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Math time has always been a big time struggle for me. I love the math series that I am using – it is so thorough and well put together and comprehensive…lacks absolutely nothing. The structure is great, too —> a mini lesson and group activity, partner practice, and then an independent activity. But my biggest problem is that my class is too huge. I have 25 kiddos. That’s a lot of 5 year olds to try to reign in for 15 minutes at a time. I would have a handful of kiddos really listening and paying attention, but then I would have 2 kids staring out the window, a few others fascinated with the lint on the carpet, others talking, and….well, it stressed me out more than it got me excited about doing math.

Another problem that I was having was that I was running out of time for math centers. Sad face. I love math centers! But with trying to reign in the kids for math lessons, then explaining the activity, and then explain the independent practice sheet — I just didn’t have time for centers. So last week I sat out to solve this problem. If you have been teaching K-2 for any amount of time, then you know the only true way to effectively teach is to do it in small groups. So, that’s perfect, right?! I have 5 groups of 5 students. Group 1 comes to me, Group 2 and 3 play in math tubs, Group 4 goes to my assistant for math journal, and Group 5 plays math games on the iPad.

Insert new problem. How do my kids know where to go {without me having to create yet another pocket chart rotation system and print a million more labels to go in it}?? How do they know what to play? And how do I rotate it? These are all problems I was determined to solve through any means necessary!! Trial and error is very common in my classroom.

At each table, I have 5 students. Having 5 students work together on any type of long term task is a huge mistake, IMHO. So, I break down each table into one group of 2 and one group of 3. A group of 2 is ideal, but when I have 25 kids, it’s just easier to break them down into groups at each table, hence the group of 2 and group of 3. I have 4 tubs that I printed new labels for: 1A, 1B, 2A, 2B. These have nothing to do with the table numbers, they are just the very {un}clever names that I came up with for these tubs. At each table, I assigned each group of 2 to be “A” and each group of 3 to be “B”. Group A will never pull an activity from tub B and group B will never pull an activity out of tub A. They will, however, get to do every activity eventually because I will rotate the cards around. I just do it this way so that I don’t have 2 activities in one tub and then have to explain which group of 2 or 3 plays with what activity. I hope that makes sense.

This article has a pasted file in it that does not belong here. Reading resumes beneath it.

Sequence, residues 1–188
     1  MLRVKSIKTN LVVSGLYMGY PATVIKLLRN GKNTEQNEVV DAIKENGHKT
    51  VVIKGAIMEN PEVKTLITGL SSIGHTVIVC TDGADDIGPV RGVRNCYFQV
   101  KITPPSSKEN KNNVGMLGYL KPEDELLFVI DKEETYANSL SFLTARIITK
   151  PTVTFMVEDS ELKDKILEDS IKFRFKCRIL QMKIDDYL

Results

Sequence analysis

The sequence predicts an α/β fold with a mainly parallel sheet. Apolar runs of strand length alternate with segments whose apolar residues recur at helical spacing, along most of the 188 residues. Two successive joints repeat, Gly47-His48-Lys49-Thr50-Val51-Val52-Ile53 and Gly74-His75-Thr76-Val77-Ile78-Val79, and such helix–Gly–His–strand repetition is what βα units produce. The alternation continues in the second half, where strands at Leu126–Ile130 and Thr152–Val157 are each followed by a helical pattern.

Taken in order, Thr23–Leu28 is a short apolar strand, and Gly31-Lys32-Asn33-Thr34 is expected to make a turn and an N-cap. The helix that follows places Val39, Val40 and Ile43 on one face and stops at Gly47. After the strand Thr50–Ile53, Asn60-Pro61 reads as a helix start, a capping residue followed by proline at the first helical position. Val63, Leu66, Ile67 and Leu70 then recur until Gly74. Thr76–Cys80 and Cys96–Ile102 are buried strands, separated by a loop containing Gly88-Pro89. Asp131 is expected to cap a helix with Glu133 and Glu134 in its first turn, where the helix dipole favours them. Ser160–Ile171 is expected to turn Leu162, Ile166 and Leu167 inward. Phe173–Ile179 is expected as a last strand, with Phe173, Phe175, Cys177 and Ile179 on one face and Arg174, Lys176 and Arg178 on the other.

So, on my whiteboard at the front of the room, I have this little chart. I just used magnets on the back for it to stick. It is super simple. I just move the table number cards down when it’s time to rotate. All move down except the very bottom card –> that one just moves up to the top.


Each rotation lasts for about 12 minutes for a total of 60 minutes, which is about the same time that it took for me to do math in whole group. Except now I can also sneak in some center time. It’s working pretty well, though we have a little ways to go when it comes to clean up and quick transition. But, those things are a work in progress constantly until about the 5th month of school. {Sigh.} I really do like this so much better because I can make sure every child is getting it — and getting what they need. I did not group these kiddos homogeneously, but it’s something I am going to consider if I need to do that eventually. Right now, our lessons are pretty basic, so everyone seems to be getting it. If I need to make adjustments, it’s an easy thing to do.

So, what are my kids doing in math centers? I use many, many different types of games that have the same structure {and that way I don’t have to keep teaching games over and over again throughout the year}. This week, we are playing Bump, Compare, making numbers with Play Doh, and 4 in a Row. Later this month, I will write a new post dedicated to the types of games and activities that we play. I didn’t want this to quickly become the longest post in the history of the world. 🙂

I love to hear about how other teachers handle math time. How do you handle your math block?

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